of private sector innovation. you think about the millions of children around the country returning to school. you think of businesses eopening their doors to the public. when republicans think of rogress, that's what we envision. sadly, democrats have become so entrenched in their own narrative that they've failed to recognize the true riorities of the american people. republicans will continue to work on the pressing needs of delay.ion without we can only hope that our democrat colleagues will come to eventually. i yield back. the speaker pro tempore: the chair recognizes the gentleman illinois, mr. shimkus, for five minutes. mr. shimkus: thank you, mr. speaker. heard it said that being a chief of staff to a member of congress is one of the best jobs on the hill. a special person to keep the staff performing at a
them.evel required of burnout could easily occur because of long hours, high pay.s, and low that is why i come to the floor to thank my chief of staff, his 24 years for of service to me, the people of illinois, and the people of this country. yes, you heard me right. craig has been with me for 24 years.t it really has to be some kind of record. in theas born and raised area of madison county. he's one of the kids who was to politics as a young kid, volunteering for campaigns in high school. attending western illinois university, he continued his tudies and political activities. he graduated with a degree of political science. the easily was hired by republican house staff in illinois. may have met him then, but my first direct and consistent contact with craig was back in the when he was worked for secretary of state. he volunteered to take on the task of running my first
campaign against incurvent.ed running for -- incumbent. congress is difficult. incumbentn entrenched was crazy. i was a little crazy and i'm was too.g the district consisted of 19 counties. neither of us had personal we put a little bit of our own end -- i paid for gas and my food. last month of his salary cost. clinton landslide in illinois but craig's provide nt helped immediate legitimacy to the campaign and made it competitive. this 6 i ran again and time craig was involved as an unpaid advisor. i won narrowly. ask i won i knew i had to craig work for me and run my office in washington.
i made a lot of republicans made taking craig away from springfield. he became highly respected. would be easily d duplicated in d.c. empowering.ing and he softened my big hammer style calmed the seas when storm shimkus was brewing. shimkus staff members can be found all over d.c. from the executive branch to the senate staff of ief of offices. they all stay in touch and reach advice.raig for i left the d.c. hiring decisions to craig. hire ory is, if you someone and doesn't work out, you have to be the one to fire that person. known for taff is being open, accessible, riendly, most of the time, hardworking, and knowledgeable. this is attributed to craig. limited turnover is also a tribute to him. craig is a father figure to a group of chief of staffs. active in the chief of staffs
association, he's helped members work together. in the heat of member battles, can s talking to chiefs help work things out. he's also a proud and active republican. for his knowledge, organization and planning. is an active and member of the capitol hill club, which is a republican club here on the hill. a good chief of staff has to be a confidentialal advisor to -- confidential advisor to member. they live the government and smumently.orlds so -- simultaneously. know that action people take action and many times cross the line. in particular craig, pulls the member, and that would and keeps me away from the brink of doing stupid.g really craig was and is available 24/7, year.ys a maybe upon my retirement he can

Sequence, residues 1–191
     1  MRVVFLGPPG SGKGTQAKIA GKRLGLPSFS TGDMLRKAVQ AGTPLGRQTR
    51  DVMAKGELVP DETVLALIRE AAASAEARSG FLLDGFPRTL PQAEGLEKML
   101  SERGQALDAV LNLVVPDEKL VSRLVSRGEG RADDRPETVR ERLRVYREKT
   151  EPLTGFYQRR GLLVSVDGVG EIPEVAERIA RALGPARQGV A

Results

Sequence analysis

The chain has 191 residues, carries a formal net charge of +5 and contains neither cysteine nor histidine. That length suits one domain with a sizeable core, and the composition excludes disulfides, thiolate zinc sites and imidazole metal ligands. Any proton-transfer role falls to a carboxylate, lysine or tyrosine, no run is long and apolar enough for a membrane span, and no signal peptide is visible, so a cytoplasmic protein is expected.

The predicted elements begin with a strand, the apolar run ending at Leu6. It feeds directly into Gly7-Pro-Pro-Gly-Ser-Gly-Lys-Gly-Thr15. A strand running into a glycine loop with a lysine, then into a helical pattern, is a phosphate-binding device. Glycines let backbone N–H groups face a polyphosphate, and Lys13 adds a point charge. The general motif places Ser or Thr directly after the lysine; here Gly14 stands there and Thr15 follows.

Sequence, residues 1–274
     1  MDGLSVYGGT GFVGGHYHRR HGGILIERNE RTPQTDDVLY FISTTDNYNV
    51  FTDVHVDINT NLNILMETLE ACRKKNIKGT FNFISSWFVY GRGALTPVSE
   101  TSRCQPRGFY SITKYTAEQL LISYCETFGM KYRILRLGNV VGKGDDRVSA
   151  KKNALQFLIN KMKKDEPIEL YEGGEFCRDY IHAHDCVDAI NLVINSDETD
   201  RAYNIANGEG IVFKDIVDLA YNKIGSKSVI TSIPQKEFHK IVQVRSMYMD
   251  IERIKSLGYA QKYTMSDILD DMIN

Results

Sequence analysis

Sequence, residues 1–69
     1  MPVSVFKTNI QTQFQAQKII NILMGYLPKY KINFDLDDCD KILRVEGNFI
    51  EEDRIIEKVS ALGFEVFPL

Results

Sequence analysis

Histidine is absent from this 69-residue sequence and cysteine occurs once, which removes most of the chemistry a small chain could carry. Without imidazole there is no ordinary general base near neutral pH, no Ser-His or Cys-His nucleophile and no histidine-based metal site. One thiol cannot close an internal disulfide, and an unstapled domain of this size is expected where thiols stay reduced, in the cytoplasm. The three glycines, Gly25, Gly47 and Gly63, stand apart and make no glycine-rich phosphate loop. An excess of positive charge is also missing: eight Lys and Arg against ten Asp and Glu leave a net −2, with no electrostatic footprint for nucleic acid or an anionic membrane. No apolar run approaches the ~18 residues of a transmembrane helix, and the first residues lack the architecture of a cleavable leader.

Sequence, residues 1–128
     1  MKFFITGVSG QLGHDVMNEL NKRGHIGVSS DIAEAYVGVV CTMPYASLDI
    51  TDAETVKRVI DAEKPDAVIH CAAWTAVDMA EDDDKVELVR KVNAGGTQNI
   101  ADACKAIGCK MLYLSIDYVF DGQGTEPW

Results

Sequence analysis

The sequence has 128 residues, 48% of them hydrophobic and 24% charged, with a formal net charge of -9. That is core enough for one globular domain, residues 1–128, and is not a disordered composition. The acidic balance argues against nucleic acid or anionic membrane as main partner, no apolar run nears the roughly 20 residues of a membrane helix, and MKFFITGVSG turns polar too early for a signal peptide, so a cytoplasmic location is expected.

et some rest, but i doubt he will. we both carry the political and governmental scars of 24 years service, some can be seen, while others cannot be seen. it's those scars that will forever bind us together. thank you, craig, for joining me in d.c. thank you for staying with me. and thank you for being the best hill.of staff on the with that, mr. speaker, i yield back my time. the peaker pro tempore: chair recognizes the gentlewoman from california, mrs. torres, for five minutes. torres: thank you, mr. speaker. i rise today to the cry, a that has pierced the heart of my community. tragedy that continues to cut day.r with each passing because we still don't know what happened. no answers.e ll we know is that one of our
very best, one of our brightest is dead. hearts have broken, and we answers. rmy specialist enrique roman martinez was a chino native who the whole inland empire proud. before he wasarmy even old enough to vote. mother to sign the release forms. was to ow committed he our country and to others. stationed at fort bragg n north carolina and went camping in the outer banks over seven l day weekend with other soldiers. we don't know what happened that on may 22, but what we do
is that it cost enrique his life. the seven people who would seemingly have a lot of to do remarkably had nothing to say. when a police officer walked up campsite the next day soldiers those seven to move their illegally parked a single one hought it was important enough to mention that someone that had with them, their friend, their soldier, was missing. . from the night before. it took a full 17 hours before they spoke out and reported enrique gone.
and when they did so, they said they were worried that enrique was suicidal. it is hard for me to imagine why anyone would hesitate to tell a police officer that their fellow camper, their friend, their soldier was missing, if they thought he was suicidal. a week later specialist martinez remains -- -- martinez's remains were found washed ashore not far away. the question of whether or not he was suicidal was settled by the simple fact that they only . und his severed head his head. that's it. he was just 21 years old. he had just started out in life.